So, for all of you who love sewing, those who are getting tempted to try it, and those (Mel) who keep sneaking glances at their sewing machine....this is a good one to try.
You won't find the exact pattern in a book because my brilliant sewing teacher June and I cobbled it together this morning out of her vast experience and my need to follow simple instructions!
1. Chose some material. You'll need an outer fabric and an inner lining. Depending on the size of bag you want about 1/2 metre of each should do. I use heavy cotton or curtain making material as the outer.
2. Fold the outer material lengthways with the right side facing in (so the pattern is on the inside).
3. Place the pattern over the material and pin it in place (the pattern is whatever shape you want it to be- we just drew round a bag I already have that I use for storing wool in. You're welcome to copy it as it should be easy enough to see the shape of it in the pics. The dimensions are: base 50cm, sides up to start of curve 28cm, total length from top to bottom 44cm, height of curved area 17cm, width of curve approx 10cm).
4. Cut the material according to the pattern.
5. Repeat this process for the liner.
6. If you want curved bottom edges for the finished bag, fold the cut fabric in half and cut a curve round the pointed ends that make up the base of the bag. Repeat for the liner (we used a cellotape roll to get the curve even).
7. If you've cut the material on the fold, depending on which side has the fold you'll only need to pin two sides of the bag-to-be (my fold is on the left side in the pic below, so I don't need to pin it). If you haven't cut on the fold and have two entirely separate pieces, turn the material right side to right side and pin the sides and the base but NOT the neck and shoulders of what will be the handle area (leave the curved part unpinned as per the pic below)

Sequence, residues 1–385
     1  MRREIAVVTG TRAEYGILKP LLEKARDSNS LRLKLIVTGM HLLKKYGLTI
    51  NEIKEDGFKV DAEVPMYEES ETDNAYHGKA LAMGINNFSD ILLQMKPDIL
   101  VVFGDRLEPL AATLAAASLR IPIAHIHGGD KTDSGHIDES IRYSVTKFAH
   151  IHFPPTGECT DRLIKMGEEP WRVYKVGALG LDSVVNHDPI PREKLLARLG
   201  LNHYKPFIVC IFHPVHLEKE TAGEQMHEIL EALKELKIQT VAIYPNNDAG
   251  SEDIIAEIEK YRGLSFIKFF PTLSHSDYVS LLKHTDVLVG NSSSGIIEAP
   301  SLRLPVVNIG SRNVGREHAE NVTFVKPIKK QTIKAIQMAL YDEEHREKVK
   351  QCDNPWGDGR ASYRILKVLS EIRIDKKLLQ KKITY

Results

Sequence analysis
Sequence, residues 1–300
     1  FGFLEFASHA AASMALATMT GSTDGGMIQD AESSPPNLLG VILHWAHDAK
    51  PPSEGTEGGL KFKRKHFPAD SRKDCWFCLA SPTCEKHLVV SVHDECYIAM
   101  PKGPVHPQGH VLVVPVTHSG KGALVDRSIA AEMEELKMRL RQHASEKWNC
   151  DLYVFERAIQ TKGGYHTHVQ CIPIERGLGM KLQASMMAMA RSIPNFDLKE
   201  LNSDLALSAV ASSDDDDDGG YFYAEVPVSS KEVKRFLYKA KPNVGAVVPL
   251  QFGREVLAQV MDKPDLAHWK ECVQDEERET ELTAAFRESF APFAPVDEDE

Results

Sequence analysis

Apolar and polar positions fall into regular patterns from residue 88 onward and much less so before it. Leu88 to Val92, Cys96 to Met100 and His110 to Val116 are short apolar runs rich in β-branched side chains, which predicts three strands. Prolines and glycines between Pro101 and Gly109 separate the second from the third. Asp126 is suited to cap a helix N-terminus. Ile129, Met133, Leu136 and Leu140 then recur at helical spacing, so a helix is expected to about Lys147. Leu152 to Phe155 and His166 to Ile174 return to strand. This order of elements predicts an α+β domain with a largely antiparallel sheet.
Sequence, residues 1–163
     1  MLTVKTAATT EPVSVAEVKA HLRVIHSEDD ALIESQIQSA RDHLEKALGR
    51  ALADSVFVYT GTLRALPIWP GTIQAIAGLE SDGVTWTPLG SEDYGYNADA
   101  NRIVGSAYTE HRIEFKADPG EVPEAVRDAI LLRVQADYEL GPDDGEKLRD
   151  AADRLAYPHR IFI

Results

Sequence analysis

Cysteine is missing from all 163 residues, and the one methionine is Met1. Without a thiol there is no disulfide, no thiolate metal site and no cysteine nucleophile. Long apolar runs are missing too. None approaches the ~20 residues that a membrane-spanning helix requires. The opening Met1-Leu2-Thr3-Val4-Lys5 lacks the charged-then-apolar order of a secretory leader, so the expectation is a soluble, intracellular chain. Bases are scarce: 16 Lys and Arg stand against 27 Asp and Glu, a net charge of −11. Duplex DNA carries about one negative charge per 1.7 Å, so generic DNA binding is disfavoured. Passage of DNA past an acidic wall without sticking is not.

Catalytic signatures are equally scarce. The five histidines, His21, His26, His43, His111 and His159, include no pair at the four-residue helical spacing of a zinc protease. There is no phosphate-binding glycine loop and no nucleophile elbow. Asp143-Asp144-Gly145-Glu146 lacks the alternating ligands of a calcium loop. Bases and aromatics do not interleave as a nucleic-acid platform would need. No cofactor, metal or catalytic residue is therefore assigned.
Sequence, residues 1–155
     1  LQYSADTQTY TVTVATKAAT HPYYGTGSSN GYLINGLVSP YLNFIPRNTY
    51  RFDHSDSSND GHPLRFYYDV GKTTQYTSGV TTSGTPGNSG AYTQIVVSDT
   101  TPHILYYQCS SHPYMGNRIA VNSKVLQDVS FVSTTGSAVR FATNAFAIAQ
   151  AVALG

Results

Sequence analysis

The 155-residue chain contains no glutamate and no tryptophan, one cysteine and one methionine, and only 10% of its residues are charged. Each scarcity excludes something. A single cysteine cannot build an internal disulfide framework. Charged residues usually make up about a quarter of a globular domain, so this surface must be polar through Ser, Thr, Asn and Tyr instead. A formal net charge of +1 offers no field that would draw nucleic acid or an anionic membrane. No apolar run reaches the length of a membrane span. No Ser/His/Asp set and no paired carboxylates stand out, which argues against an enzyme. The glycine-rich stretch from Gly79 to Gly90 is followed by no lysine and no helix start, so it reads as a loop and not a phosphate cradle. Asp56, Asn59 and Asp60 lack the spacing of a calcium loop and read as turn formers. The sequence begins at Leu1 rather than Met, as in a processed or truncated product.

8. Sew the pinned areas (the sides and base). I use a 1cm seam allowance and then either overlock or use zigzag stitch to strengthen it..
9. Repeat the pinning and sewing for the lining material. Once you've done that, place what will be the outer bag inside the inner or lining bag, right side to right side and pin the shoulder (curved) areas together but leave the top (what will become the handle area) unstitched as per the pics.
10. Now for the alchemy. Pull the bag through the open neck part and rearrange so the lining is on the inside and the outer material is on the outside. You'll have no rough hems or untidy seams on show as a result of doing it this way.
11. The next job is to iron the seams flat and crisp around the curved shoulder part of the bag. This gives them a sharp edge for when the bag is finished.
12. Now you're ready to attach the handles. I like bamboo but you can use anything provided it is round. It's worth checking charity shops for old bags as they're often cheaper than buying handles from craft stores. I'm going to try soaking some Willow in hot water, curving it and letting it dry as that it supposed to work well too. In the meantime, I found these handles on an ancient hessian bag that has definitely seen better days and was hiding in the dark of the cupboard so I cut them off, chucked the old bag and attached them to the new one. Recycling is good, eh?
13. Before you attach the handles, you'll need to gather the fabric that will go round them into even pleats. Here is the handle fabric unpleated.
And here it is with the pleats in and pinned in to place. You can make them whatever size you like, simply fold the material as you want it (basically so it fits the handle) and pin in place, remembering to only pin through the top layer of fabric.
14. Do the same for the lining side. I only gathered two pleats for the lining because that section isn't on show. Again, remember to only pin through one layer of material, as per the second pic down. Repeat for both the handles.
16. Once you've stitched the pleats in you can lose the pins.
17. Now, lay a handle over the material.
18. Fold the material over the handle, leaving enough to double fold it so you can tuck the raw edge out of sight.
19. Pin in place.
20. Then sew the folded over fabric onto the main body of the bag so the handle is secure. Repeat for the other handle.
22. And that's it! A new bag done and dusted in less than an hour :o)
I'm in love with these and will be making them for all my family for Christmas :o)
They make great sewing bags, or knitting bags for keeping balls of wool in, or just as simple hand bags or shopping bags. You can vary them by making the pattern size bigger and turn them into a sizeable shopper or an overnight bag.
Do let me know if you decide to give them a go, or if there's anything in the instructions that needs clarifying.
I'll leave you with some garden and doggy shots, as usual, and wish you all a pleasant evening.